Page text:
I became very familiar with the vagaries of initial potential (IP) test data reporting when I set a number of horizontal wells during the first wave of horizontal drilling in the Austin Chalk in the Dilley, Texas-area in the early ’90s.
We’d be drilling a hole and off in the distance I’d see a large plume of smoke coming from a location two miles away. In those days, the Austin Chalk was drilled underbalanced to encourage fluid flow into the wellbore since we were still 10 to 15 years away from large-scale hydraulic fracturing.
As is always the case in the manic phase of drilling booms, the best rumors about what was happening with all the surrounding operators were always circulating from the “experts” at the local coffee shop.
Operators were reporting IP rates of 2,000 to 3,000 BOPD. Promoters in the play were talking up these numbers as they sold their deals, and professionals who were familiar with chalk porosities of 7% to 8% and lower couldn’t help but wonder what was going on and where all that fracturing was located since they never had enough calcite-filled fracturing in their own drilling samples to imply that wells with high-flow rates could be tapping large fracture networks.
Once people began to dig into the data a bit and had a few beers with the local tool pushers, it all began to be a bit clearer. Essentially, operators would report an IP rate that reflected two or four or six hours of flow, shut it in before the well showed a water cut, and then gross the IP up to a “24-hour” test rate.
The chart below is from the Eagle Ford with first production dates from Nov. 10, 2014, to Nov. 10, 2019. Check out how IP rates overestimate the metric used in most operator PSA or 10Q statements for first-month oil & gas.
Not a big surprise, since wells that go on production are usually choked back to preserve reservoir pressure and proactively manage production operations.
Still, it’s a cautionary note to not accept IP volumes at face value as a way to differentiate good wells from average or poor wells.
Obviously, the goal is to be able to use early test and production information to gauge or assess the future value of production.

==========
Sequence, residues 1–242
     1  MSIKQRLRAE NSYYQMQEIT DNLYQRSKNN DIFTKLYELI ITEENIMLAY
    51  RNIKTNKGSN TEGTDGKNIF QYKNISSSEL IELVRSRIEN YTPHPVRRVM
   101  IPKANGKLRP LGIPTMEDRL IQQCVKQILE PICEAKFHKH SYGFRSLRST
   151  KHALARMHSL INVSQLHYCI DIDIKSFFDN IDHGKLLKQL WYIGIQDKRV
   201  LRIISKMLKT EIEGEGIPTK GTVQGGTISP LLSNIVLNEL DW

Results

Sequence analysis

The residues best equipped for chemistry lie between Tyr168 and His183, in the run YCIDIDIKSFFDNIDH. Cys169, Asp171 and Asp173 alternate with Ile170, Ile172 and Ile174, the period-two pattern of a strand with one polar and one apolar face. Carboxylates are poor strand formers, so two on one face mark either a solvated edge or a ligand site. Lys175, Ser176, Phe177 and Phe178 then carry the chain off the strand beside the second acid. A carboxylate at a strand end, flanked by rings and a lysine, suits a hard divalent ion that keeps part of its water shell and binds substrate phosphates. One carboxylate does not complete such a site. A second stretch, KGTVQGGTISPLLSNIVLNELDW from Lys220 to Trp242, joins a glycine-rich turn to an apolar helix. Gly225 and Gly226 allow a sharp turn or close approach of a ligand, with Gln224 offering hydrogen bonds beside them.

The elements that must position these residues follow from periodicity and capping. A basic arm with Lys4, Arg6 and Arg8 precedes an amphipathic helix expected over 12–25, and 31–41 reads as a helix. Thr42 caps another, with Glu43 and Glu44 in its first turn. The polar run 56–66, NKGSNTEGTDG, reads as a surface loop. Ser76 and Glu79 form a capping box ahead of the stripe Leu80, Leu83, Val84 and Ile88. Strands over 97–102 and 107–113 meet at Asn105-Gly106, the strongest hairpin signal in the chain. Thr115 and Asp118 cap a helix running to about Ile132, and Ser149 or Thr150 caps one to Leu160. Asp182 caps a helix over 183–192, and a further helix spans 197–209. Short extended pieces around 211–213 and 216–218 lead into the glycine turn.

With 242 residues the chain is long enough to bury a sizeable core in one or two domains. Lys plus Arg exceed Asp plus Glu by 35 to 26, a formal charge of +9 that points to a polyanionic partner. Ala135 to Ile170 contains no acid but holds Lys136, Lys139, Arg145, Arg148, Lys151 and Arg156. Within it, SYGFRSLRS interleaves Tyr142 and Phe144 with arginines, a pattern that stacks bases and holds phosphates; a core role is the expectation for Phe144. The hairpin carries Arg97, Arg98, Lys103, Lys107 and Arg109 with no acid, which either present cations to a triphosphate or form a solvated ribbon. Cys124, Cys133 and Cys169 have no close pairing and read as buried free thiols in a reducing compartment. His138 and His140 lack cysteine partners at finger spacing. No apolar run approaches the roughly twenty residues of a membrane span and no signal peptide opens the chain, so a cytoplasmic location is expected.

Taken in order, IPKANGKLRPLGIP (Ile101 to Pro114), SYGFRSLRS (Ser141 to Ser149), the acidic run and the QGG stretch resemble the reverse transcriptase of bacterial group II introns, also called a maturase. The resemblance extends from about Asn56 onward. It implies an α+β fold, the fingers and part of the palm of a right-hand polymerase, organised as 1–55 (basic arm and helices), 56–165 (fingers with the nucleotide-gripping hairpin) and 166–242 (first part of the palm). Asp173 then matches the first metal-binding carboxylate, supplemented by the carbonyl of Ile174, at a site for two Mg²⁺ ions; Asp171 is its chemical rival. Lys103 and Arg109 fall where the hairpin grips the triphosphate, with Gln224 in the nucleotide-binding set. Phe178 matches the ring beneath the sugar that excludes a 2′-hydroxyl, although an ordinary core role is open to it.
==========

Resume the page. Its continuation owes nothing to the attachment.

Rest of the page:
However, to get a sense of the embedded variances in time-gated cumulative production plots that occur for identical peak rate oil & gas values, look at the plots below of cumulative production versus peak rate oil, in the oily part of the Eagle Ford play (reservoir=Eagle Ford 1, Eagle Ford 2).
Note that six-month and 12-month cumulative oil production have pretty similar correlation coefficients and behaviors. Even so, there can be large excursions from the mean for similar peak oil rates.
For example, in the six-month graph, at a peak oil rate of nearly 1,500 BOPD, the cumulative oil production volume values range from 48,500 to 194,007 bbl. In the 12-month graph, at a peak rate of about 2,000 BOPD, the cumulative volumes of oil produced range from 149,000 to 352,000 bbl. The differentials can be even larger when looking at 24-month cumulative production volumes. At a 2,700 BOPD peak rate, the variance/spread is between a max of 910,000 bbl to a minimum of 132,000 bbl.
However, these cumulative production values are totally blind to differences in completion techniques. Let’s see what happens when we normalize by gross perforated interval.
Again, six-month and 12-month cumulative oil versus peak rate is reasonably well correlated, but we can see the same spread of 12-month maximum-minimum values—24,500 bbl to 62,000 bbl at a peak rate of approximately 300 BOPD, and 24-month oil maximum-minimum values of 30,000 to 106,000 at a peak rate of approximately 400 BOPD.
As peak oil rate increases, the predicted estimated ultimate recovery (EUR) values, even when normalized, show a very low correlation coefficient between peak rate oil and EUR, as seen in this graph for one well-known operator in the Delaware Basin.
Other well-known operators in the basin show correlation coefficients between EUR and peak rate ranging from .145 to .577, all of which imply low predictive value.
Even with the benefit of 12-month cumulative production values as a correlation factor, the same operator as shown above has a low correlation between 12-month normalized cumulative production and EUR.
Tellingly, a large footprint of operated wells doesn’t necessarily translate into best-of-breed results, as shown in the graph below for operators producing in the Wolfcamp in the Delaware Basin.
Of course, in basins with fragmented acreage positions like the Delaware, it’s very hard to normalize for geology, as this Enverus Drillinginfo LandTrac™ map of a different operator’s lease position implies.
Final message: it’s critical to look beyond IP and peak rate data to get a sense of how an operator’s total drilling inventory will add reserves to its bottom line.
Do you have any thoughts on early production metrics as predictors of reserve values? Shoot me an email at email@example.com.
If you’d like to get more sophisticated insight into specific play productivities as analyzed in Enverus Basin Reports, contact firstname.lastname@example.org, or Tyler Krolczyk at email@example.com.
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